Thursday, September 29, 2011


I'm sure that none of you reading this need this reminder, but when you're invited to a function and an RSVP is asked for, do it.

I know it's easy to set things aside and forget. Things get lost. We think we'll do it later. I do it all the time.

Just do it.

I just did the budget review of our daughter's wedding. Not having an accurate count, even a week before the wedding, cost us right at $900. I am not complaining. The party was worth every penny, and then some. But I think we tend to forget that there's a good reason hosts need to know if we are coming.

RSVP. It's just good manners.And you never know when you might be the host.

Wednesday, September 28, 2011


I'm a pretty decent cook. I enjoy cooking and I like to try new things. I keep a well-stocked pantry and have gotten pretty good at just pulling things together into a meal, based on my mood and what sounds good.

My daughter is a newlywed who found herself in the position of needing to fix dinner a few nights ago without planning and using only the ingredients on hand. She didn't think she should need a recipe. She should just be able to pull it out of her head. She couldn't. So she had, in her own words, a minor meltdown.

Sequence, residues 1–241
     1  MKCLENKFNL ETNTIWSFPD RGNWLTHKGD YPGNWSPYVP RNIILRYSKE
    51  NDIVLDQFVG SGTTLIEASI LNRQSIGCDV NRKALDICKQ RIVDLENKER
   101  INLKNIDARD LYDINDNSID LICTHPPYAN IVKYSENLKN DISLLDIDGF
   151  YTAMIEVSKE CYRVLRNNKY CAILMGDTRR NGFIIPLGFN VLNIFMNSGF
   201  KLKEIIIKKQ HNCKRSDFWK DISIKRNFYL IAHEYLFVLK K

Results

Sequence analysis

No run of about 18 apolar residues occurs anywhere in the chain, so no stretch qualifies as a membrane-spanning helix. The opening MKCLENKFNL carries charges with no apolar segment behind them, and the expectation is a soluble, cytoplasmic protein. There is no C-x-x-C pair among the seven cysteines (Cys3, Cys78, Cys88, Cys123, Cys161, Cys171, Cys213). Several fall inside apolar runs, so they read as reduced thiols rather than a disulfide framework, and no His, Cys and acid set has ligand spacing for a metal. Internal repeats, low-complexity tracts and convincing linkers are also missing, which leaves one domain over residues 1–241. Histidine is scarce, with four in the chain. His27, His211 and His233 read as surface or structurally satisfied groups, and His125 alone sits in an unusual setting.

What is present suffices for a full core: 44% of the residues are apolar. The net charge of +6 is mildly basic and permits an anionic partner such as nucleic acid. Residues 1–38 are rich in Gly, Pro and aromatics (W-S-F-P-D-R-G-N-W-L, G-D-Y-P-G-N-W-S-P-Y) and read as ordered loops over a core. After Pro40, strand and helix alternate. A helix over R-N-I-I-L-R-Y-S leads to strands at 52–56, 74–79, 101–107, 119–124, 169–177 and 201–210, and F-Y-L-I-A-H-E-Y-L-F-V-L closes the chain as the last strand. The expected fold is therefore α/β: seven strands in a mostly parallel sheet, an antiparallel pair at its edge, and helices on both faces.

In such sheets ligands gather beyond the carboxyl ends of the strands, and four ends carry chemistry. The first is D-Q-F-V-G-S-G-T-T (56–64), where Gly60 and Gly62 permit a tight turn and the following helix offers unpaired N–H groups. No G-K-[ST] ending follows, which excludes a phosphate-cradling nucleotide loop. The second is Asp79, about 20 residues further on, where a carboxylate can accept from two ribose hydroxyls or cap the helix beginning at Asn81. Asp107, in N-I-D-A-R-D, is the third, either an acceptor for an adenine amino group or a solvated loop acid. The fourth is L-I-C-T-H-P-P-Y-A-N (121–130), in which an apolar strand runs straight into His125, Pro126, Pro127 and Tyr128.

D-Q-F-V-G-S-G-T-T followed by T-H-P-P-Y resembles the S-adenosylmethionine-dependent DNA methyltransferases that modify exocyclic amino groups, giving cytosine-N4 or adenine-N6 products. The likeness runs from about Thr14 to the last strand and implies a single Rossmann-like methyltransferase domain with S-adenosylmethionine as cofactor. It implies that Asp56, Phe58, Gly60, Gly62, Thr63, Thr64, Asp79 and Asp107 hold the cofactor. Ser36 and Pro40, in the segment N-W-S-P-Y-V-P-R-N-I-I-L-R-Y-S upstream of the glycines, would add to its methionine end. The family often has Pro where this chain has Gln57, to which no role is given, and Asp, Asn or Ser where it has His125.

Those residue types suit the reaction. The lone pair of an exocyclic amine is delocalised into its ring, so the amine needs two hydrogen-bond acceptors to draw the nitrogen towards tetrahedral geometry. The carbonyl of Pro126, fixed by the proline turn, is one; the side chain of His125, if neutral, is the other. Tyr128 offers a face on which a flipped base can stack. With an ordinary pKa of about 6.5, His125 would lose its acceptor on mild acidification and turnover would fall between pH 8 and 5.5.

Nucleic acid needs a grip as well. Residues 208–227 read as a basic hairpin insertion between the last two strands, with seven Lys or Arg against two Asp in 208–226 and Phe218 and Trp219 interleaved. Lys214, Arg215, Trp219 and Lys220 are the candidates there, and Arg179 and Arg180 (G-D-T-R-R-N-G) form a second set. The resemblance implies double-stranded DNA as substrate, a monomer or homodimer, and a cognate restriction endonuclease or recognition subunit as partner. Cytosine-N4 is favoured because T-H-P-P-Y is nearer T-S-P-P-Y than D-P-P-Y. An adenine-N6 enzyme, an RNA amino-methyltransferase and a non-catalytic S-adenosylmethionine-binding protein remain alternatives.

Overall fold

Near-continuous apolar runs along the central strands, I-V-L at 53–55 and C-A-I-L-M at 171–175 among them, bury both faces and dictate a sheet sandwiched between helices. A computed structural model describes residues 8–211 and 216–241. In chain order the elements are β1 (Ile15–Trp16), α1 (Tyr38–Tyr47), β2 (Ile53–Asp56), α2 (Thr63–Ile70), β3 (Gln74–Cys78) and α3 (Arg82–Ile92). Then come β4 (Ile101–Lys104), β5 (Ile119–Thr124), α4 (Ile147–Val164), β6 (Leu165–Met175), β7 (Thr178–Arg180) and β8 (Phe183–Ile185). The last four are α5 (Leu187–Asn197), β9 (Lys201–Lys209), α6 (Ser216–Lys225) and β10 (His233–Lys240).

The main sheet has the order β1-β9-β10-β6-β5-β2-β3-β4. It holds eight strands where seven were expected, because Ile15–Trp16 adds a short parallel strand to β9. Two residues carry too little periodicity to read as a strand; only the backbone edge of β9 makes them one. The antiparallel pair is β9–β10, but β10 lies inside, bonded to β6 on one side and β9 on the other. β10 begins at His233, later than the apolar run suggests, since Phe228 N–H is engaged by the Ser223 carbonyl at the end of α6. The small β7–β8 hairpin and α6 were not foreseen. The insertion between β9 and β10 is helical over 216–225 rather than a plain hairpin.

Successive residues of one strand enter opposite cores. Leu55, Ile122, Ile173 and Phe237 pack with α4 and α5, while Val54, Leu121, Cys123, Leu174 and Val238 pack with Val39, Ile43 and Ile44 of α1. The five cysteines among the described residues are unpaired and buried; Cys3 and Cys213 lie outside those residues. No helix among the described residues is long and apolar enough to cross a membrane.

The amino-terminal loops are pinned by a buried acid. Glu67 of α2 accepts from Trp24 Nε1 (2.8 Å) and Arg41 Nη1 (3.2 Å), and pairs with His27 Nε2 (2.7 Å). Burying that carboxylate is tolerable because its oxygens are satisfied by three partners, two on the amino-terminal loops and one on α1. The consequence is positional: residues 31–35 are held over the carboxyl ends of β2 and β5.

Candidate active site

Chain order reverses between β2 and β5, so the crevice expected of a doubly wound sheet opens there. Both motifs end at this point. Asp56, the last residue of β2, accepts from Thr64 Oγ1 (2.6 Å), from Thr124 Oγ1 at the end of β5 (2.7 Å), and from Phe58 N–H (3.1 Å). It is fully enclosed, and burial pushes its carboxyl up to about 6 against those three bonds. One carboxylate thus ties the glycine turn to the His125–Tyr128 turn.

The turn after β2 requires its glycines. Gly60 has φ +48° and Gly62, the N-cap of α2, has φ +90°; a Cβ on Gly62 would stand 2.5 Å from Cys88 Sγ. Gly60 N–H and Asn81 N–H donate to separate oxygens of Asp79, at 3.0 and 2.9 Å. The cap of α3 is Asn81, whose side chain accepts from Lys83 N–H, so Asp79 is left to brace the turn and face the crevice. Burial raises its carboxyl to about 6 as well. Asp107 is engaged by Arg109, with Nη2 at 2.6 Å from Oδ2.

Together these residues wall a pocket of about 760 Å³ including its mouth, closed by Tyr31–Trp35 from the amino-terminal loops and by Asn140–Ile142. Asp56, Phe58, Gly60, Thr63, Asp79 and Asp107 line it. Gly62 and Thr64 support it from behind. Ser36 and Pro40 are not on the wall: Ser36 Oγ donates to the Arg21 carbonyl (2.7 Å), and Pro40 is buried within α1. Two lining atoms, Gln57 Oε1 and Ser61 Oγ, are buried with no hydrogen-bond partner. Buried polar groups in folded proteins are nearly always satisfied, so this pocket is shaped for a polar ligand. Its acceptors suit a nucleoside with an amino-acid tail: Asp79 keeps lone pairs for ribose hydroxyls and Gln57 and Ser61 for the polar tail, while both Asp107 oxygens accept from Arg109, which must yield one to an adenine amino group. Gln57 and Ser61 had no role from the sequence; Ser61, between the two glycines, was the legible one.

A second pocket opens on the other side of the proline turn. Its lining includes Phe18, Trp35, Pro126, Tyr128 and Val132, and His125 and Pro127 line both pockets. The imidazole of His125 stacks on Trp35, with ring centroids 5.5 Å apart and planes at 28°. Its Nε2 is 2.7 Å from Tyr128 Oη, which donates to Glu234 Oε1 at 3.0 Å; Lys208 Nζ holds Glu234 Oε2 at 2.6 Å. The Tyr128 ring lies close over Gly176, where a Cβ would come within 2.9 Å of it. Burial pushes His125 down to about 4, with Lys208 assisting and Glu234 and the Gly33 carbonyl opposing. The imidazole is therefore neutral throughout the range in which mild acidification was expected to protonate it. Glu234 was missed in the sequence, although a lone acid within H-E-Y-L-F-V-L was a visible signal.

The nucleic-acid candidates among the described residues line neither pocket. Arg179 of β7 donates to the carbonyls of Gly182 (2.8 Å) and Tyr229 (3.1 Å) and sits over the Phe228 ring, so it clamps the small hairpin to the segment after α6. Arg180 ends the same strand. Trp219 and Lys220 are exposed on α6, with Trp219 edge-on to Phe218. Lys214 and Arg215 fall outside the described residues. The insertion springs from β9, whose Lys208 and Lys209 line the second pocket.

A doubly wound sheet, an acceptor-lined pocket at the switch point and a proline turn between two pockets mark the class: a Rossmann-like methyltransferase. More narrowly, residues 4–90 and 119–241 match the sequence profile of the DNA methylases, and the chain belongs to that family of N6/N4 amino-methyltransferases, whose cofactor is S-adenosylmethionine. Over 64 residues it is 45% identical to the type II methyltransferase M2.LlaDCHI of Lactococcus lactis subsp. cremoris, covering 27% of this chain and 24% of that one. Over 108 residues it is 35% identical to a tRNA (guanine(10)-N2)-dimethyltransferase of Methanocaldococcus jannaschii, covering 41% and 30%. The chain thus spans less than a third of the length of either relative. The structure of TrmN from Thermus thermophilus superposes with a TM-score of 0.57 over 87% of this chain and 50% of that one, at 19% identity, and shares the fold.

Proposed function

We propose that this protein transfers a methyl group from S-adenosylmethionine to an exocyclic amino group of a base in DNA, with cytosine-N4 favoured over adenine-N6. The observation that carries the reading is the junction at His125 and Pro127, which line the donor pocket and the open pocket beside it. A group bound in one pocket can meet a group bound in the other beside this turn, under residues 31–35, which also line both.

She had two things working against her. Well, maybe three:
She is a perfectionist.
She has an unrealistic view of how most people cook.
Her husband is an excellent, intuitive cook.

As a result, to comfort her, I find it necessary to blog about what dinners were like in the early years of our marriage. I was not a complete novice. I cooked dinner many weeknights my last couple of years in high school, but my mom did the planning. I only had to cook. And she had taught me many of the basics.

When I got married I cooked the same things that I had eaten as a kid. I had a rotation of about seven meals. I think all but one involved a white sauce or Campbell's soup. We had tuna noodle casserole nearly weekly. Creamed tuna or creamed dried beef on toast was a frequent meal. Some version of hambuger browned and cooked with soup and noodles--and maybe cheese--was a frequent dish. Salmon cakes and spinach. Hamburger gravy. Spaghetti made with Ragu.

That was pretty much it. Add a canned or frozen veggie and some canned fruit. I had recipes that I made sometimes. My grandma's beef stew. A couple of chicken casseroles. Once in a while I might make a roast with potatoes and carrots for a Sunday dinner. But I never veered far from the foods that I grew up with. And my husband started our marriage as a 19-year-old college student. He would eat anything.